June 27, 2018 at 1:35 am #732
Pharm For Life
A recent case in the news reported on an Arizona pharmacist who refused to dispense a prescription for misoprostol based on moral objection. On the surface this is not particularly unique/complex/interesting, however, it does strike me how much variability there was in the news headlines to describe the same situation:
“Walgreens Pharmacist Refuses To Give Woman Prescription To End Pregnancy”
“Pharmacist denies woman miscarriage drug on moral grounds”
“US pharmacist denies woman abortion medicine based on ‘moral objection'”
Even reading the content of some news articles it was difficult to ascertain the exact details of the situation because of subtleties in the language used.
As a pharmacist, the formal education I received on misoprostol in women’s health focused on its use for abortion (i.e. Mifegymiso here in Canada). It was only recently when I started working in hospital pharmacy did I learn of other uses in women’s health (i.e. postpartum).
I certainly wouldn’t want to deny morally licit, medically appropriate drugs, but also need to feel certain of its indication when there is a chance it could be used to terminate a life. Based on the information in the articles, the patient told the pharmacist she was pregnant and the baby stopped developing. Perhaps the situation could have unfolded differently if there was clear information such as fetal heartbeat no longer present, misoprostol used for medical management of intrauterine fetal death.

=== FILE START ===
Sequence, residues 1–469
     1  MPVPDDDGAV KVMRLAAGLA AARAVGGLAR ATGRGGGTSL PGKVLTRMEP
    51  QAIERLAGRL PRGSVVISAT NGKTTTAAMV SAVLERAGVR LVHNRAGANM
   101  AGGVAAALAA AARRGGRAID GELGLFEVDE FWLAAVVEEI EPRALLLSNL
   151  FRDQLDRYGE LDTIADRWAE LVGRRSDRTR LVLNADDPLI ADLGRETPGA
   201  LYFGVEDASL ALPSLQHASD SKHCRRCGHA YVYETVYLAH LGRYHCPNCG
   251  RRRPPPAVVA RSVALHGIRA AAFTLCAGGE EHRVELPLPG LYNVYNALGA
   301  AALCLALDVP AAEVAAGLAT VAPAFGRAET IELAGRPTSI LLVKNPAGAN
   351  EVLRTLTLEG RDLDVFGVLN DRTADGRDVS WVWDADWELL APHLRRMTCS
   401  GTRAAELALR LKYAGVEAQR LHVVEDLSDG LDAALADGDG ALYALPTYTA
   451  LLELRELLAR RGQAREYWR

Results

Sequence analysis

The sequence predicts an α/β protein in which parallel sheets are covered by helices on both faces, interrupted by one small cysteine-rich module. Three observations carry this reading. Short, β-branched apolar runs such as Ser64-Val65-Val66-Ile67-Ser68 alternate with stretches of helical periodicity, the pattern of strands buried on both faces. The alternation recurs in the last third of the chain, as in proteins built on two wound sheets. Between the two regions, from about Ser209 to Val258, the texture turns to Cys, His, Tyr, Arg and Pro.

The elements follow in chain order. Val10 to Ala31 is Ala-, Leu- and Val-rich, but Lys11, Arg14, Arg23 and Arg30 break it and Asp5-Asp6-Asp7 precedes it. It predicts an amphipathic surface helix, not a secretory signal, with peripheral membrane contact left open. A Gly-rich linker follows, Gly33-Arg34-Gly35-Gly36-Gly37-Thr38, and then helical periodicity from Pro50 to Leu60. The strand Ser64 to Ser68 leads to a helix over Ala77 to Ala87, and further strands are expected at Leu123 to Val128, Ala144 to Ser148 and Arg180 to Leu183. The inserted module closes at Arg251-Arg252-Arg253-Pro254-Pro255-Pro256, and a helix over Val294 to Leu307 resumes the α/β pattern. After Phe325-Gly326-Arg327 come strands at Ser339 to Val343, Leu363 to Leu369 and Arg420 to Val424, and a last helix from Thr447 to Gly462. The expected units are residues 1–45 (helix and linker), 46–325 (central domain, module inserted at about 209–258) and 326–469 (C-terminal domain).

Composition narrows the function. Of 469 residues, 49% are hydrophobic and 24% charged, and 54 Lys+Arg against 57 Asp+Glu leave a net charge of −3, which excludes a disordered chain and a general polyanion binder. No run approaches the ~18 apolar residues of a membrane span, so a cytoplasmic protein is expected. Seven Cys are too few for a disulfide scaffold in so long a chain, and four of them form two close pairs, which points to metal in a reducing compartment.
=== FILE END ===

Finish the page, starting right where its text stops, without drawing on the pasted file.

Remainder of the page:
(Sorry if this didn’t quite meet the criteria for “interesting case” – I found it helpful writing about it, as such situations can be difficult & delicate to navigate.)
Any comments on what you see misoprostol used for in women’s health in practice? (is it used on its own anymore for abortion?) Any thoughts on the case?June 29, 2018 at 1:42 pm #743
I think it’s definitely a very difficult situation from a moral point of view, in determining whether the use of misoprostol is terminating a life or simply helping to clear out remaining products. As you say the terminology is pretty unclear. An indication of “miscarriage” would not differentiate between an inevitable miscarriage that still has a heart beat, and one where foetal death has occurred. So it may be impossible to tell unless specific details of the case are provided, and I don’t think this could be enforced due to the need for confidentiality?July 2, 2018 at 12:50 am #751
The below article states that the there was no heartbeat.
However, in her facebook post, she did NOT mention that fact. This leads me to believe that she did not mention that to the pharmacist. All she mentions in her facebook post is “the baby’s development had stopped and I ultimately will have a miscarriage.” Just like Cecily mentioned, that description of the baby could still allow for a heartbeat, which would make the drug an abortifacient.